Flexible means stripping away fixed alignment and ownership. All resources are flexible. To be pooled and applied to the work load needed. The concept is central to the architecture of Virtualisation technology. But the approach does impose a new requirement for managing the resources and demands on them. Collaboration software like Microsoft Exchange can be a very useful tool to manage this vital resource with the Calendaring function.
In day-to-day office routine one of the most critical and often contentiously shared resources is the ‘Conference Room’. While I maintain that most companies are over-invested in fixed infrastructure like offices, for the office space that they do have, there is one primary and bona fide use for it…getting people together. If it is not about getting people together, then by definition the work content can most likely be done distributed. And the conventional resource for ’getting together’ is the conference room. While the whole notion of a conference room, with its classic big table in the centre a fluorescent-lit four walls, tends to be unimaginative and dated, it remains a vital tool. And one of the first challenges is simply getting one’s hands on one.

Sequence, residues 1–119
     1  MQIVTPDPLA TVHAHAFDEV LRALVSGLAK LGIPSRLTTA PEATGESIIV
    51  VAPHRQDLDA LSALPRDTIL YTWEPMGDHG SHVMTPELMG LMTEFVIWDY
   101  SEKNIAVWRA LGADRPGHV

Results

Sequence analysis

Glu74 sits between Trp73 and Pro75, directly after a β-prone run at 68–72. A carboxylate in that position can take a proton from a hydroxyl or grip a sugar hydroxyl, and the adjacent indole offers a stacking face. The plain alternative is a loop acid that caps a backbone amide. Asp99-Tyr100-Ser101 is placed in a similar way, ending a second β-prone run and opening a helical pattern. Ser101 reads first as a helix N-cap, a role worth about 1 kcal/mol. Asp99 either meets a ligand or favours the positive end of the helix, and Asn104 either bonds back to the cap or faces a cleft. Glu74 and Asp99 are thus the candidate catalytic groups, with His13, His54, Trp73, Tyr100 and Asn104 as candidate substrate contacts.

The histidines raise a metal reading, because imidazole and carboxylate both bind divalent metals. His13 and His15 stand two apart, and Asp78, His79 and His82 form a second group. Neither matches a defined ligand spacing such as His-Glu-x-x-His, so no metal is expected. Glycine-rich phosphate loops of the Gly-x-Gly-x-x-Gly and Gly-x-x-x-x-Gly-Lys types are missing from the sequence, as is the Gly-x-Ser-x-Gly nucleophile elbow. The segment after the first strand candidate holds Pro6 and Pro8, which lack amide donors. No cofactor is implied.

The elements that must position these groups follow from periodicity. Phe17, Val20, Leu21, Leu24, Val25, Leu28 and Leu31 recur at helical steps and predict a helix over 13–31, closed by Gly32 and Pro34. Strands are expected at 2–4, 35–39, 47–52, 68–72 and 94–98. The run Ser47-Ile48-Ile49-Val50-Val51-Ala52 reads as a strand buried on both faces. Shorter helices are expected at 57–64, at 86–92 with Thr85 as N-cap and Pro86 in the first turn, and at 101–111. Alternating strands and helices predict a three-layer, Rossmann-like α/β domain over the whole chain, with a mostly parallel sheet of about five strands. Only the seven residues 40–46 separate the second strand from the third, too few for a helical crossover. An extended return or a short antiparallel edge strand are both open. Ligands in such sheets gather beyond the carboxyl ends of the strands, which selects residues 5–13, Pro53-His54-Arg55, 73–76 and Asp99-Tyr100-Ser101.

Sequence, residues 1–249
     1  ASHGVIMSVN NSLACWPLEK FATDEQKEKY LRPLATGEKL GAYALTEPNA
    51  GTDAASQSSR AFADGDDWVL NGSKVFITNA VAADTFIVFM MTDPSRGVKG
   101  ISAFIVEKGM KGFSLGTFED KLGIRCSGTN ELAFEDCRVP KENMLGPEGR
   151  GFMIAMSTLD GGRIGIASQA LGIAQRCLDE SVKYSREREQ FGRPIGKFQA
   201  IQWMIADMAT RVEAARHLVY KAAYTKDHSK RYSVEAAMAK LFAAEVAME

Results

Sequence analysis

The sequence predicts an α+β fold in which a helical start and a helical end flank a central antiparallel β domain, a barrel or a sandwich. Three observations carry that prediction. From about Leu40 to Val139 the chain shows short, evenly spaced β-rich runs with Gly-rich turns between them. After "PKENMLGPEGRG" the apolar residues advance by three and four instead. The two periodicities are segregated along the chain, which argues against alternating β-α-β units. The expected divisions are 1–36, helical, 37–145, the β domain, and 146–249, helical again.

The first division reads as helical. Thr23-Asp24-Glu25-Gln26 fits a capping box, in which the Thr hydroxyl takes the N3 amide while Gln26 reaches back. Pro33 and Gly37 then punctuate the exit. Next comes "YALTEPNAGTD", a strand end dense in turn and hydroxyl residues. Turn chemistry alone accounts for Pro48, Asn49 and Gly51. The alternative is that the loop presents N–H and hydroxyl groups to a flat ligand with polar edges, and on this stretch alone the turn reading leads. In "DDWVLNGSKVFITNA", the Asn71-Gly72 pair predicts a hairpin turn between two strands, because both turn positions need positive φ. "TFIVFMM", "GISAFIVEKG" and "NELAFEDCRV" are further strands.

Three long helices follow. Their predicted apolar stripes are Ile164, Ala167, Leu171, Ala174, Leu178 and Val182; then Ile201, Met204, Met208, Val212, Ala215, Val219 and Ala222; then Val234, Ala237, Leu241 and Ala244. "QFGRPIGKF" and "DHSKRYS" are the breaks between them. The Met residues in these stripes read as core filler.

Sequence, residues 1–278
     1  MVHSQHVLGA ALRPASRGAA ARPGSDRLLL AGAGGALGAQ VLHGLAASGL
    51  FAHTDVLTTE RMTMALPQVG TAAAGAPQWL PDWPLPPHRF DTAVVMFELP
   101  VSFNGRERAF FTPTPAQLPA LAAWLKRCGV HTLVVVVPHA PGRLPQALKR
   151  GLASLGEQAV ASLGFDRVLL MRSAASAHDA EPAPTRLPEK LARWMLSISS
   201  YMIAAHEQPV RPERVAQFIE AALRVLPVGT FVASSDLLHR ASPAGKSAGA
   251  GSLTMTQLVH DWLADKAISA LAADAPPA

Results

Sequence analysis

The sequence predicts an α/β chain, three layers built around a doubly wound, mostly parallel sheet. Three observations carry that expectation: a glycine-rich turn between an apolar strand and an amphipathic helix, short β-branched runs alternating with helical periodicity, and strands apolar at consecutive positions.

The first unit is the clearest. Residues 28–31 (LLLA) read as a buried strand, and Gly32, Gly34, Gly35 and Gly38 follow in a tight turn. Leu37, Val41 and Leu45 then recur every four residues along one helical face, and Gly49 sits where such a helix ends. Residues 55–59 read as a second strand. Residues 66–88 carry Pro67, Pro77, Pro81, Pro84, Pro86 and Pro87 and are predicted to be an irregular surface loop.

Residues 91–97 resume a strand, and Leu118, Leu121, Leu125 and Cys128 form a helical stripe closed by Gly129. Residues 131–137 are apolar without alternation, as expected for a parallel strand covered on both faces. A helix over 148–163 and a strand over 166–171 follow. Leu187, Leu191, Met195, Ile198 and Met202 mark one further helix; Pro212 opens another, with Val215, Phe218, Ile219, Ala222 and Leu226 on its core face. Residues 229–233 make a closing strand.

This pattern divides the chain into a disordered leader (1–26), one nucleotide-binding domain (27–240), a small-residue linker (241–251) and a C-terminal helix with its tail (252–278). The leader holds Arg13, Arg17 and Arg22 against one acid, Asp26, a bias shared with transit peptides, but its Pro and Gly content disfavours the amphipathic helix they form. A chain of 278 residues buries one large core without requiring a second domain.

But a tool is only as good as its users. Even when properly structured, bad behaviour like the common syndrome that Dilbert illustrates above derails the whole system. When people talk about ‘change management’ starting with executive sponsorship, they don’t mean the top guy sending out a cheerleading memo, but rather the leaders leading the way with role model behaviour. That’s why one of my first recommendations for companies that truly want to promote aggressive adoption of flexible working is for the CEO/MD to be the first person to get rid of their office/desk. And to abide by the Conference Room booking protocols. 72AJWHBNJW56